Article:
Figuring out which rules to make and enforce with a toddler

You survived the infant stage and now it’s time for the real fun to begin. Crawling, walking, talking, throwing, biting – you name it, they're doing it (or at least trying to). Living with a toddler in the early months of their third year can sometimes feel like non-stop action. They throw their peas, you pick them up. They bite their sister, you tell them “No.” And while there are certainly lots of bright spots in the day when parenting a toddler, there are also plenty of times when they really tests your patience. 

Parents of toddlers can help make life a whole lot easier for themselves by determining which rules to set ahead of time, and by establishing a plan for enforcing them. But before you decide on the house rules, it’s important to know what Baby is able to understand and what kind of support they'll need as they learn to stick to those rules. 

What you need to know before establishing rules

  • Short attention span: Children at this age still have a fairly short attention span, so focusing on a few rules with consistent consequences works best. It’s also a good idea to keep the words you use simple and easy to understand when teaching the rule.
  • Identify ahead of time: As early as possible, start letting them know which of their actions aren’t okay. If you can lay some groundwork before you introduce the rules, they will be able to grasp the concept quicker.
  • Teach and re-teach: That short attention span mentioned above will force you to remind and re-teach often. When you teach your toddler a new rule or direction, there is a good chance they will forget the other two rules you taught them the day before. It’s important to go over the rules often and ask them to explain to you in their own words exactly what you’re asking from them.
  • Determine the biggies: There is so much for Baby to learn—but remember, they can only retain so much information. Pick the most important rules you want them to understand—enforce those, and let the small stuff go until they're ready to learn more.
  • Stay positive: Let’s face it, they isn’t going to listen to you every time you ask them to do something. And if you’re going to survive the toddler years, staying positive and understanding that a lot of their “negative” behavior is normal (and not necessarily directed at you), will help you encourage them to make better choices.
  • Let them know when they do something well: Toddlers who only hear “no” and “don’t” may stop responding to your direction. Make sure and point out what they are doing well as often as possible. 

Figuring out which rules to establish for your two-year-old

Two-year-olds operate on an association of action and consequences. “I hit my sister, I get put in time-out.” They lack the ability to really understand the meaning behind “why” we don’t do certain things. That’s why it’s important to keep the rules age-specific, simple, fair, and positively stated. Using direct language and an even tone of voice will help Baby know you mean business.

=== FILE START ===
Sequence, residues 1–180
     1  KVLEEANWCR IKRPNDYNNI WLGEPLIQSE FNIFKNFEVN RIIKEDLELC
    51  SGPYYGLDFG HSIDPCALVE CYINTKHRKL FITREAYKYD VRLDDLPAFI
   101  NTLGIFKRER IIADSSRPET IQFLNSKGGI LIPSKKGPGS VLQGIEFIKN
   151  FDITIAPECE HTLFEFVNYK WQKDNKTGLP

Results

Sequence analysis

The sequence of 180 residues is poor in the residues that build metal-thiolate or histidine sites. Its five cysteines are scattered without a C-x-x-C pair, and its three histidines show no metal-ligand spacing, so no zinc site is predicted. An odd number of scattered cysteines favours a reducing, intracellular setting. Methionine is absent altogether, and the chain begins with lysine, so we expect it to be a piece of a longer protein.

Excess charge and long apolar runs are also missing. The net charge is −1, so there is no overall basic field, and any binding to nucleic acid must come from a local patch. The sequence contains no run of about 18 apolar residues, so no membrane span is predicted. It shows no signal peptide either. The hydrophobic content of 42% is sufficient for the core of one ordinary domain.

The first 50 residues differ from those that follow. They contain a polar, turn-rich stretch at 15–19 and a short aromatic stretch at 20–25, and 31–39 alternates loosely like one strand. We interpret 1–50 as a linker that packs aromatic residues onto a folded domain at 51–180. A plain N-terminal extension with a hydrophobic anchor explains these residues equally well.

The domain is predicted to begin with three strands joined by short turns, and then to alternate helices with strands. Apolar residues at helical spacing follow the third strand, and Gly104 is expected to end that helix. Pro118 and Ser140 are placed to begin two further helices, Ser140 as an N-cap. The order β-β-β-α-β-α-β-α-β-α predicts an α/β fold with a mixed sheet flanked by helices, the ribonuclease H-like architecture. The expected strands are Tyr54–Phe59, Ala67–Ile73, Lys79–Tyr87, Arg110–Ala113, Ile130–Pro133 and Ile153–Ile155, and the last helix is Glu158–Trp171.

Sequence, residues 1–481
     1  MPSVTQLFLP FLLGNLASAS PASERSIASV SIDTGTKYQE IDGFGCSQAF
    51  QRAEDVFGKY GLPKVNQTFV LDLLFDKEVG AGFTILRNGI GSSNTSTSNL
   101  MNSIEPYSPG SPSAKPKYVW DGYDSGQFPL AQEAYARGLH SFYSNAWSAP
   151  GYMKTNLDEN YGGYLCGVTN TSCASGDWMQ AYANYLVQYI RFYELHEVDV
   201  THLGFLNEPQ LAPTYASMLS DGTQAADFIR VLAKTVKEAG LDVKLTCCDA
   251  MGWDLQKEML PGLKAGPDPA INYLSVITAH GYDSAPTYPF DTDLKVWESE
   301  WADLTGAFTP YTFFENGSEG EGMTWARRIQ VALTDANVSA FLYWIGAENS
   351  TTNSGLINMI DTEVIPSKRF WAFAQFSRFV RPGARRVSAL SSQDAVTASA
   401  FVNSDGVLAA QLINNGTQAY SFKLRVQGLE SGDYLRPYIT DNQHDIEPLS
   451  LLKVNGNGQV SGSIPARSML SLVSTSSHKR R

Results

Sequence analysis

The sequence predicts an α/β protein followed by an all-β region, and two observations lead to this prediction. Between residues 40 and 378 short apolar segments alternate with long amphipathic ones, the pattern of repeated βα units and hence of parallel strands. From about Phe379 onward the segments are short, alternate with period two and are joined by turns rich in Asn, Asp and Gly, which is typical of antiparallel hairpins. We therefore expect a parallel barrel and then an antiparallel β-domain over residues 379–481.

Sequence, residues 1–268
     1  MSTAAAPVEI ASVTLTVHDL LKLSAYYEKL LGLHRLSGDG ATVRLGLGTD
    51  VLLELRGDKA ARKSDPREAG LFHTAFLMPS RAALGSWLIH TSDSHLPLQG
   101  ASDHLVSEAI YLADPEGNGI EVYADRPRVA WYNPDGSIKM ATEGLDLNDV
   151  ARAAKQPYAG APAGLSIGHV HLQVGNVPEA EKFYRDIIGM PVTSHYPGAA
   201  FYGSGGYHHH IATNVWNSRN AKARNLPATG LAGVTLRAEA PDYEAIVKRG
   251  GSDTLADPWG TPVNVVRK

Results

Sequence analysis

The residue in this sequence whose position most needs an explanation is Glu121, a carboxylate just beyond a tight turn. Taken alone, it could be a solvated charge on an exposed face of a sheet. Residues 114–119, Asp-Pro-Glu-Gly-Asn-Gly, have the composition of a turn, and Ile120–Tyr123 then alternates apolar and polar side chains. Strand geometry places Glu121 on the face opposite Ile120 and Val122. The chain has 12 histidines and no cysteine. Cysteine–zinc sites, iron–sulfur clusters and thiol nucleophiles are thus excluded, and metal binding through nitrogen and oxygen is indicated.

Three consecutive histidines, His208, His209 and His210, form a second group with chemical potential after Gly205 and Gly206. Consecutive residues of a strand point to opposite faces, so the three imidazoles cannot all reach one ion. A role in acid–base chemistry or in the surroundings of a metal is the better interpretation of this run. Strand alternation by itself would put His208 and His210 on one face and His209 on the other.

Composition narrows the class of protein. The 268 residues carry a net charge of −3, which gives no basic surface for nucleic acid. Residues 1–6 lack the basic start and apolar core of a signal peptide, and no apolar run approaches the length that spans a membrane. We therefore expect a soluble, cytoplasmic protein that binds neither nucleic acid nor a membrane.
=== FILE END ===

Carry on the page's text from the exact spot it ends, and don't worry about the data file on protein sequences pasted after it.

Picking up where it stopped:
When determining which rules to start with, make a list of your top concerns and your child’s biggest behavior issues, then translate each one into a clear, simple rule. When your child breaks one of those rules, make sure the consequence is immediate and related to the negative behavior (if he keeps throwing his blocks, he can’t play with them for the rest of the day).

Many parents start with the non-negotiable rules around health and safety of self and others. Rules like these are designed to keep your child safe as well as other kids, pets, and adults. For example: always staying buckled into the car seat no matter how short the ride, always holding an adult’s hand when in a parking lot, no biting or hitting, and only using gentle hands with the family pet.

Once you and your toddler have some practice with a few basic safety rules, you can add one or two more house rules – maybe rules that revolve around looking after things (toys, books, etc) and rules about showing respect and care for others. For some families, this includes teaching and enforcing good manners, using a quiet voice in the house, asking for something instead of grabbing it out of another person’s hands, cleaning up toys, and no spitting, to name a few.

About the author:
Sara Lindberg is a freelance writer focusing on parenting, health, and wellness. She is passionate about all things fitness and health and loves spending time with her husband, daughter, and son. 

  • “Disciplining Your Child.” Healthy Children. American Academy of Pediatrics, November 21 2015. Retrieved July 13 2017.
  • “Healthy Discipline for Children.” AskDrSears. Retrieved July 13 2017.
  • “Setting Limits and Time-Outs.” AskDrSears. Retrieved July 13 2017. 
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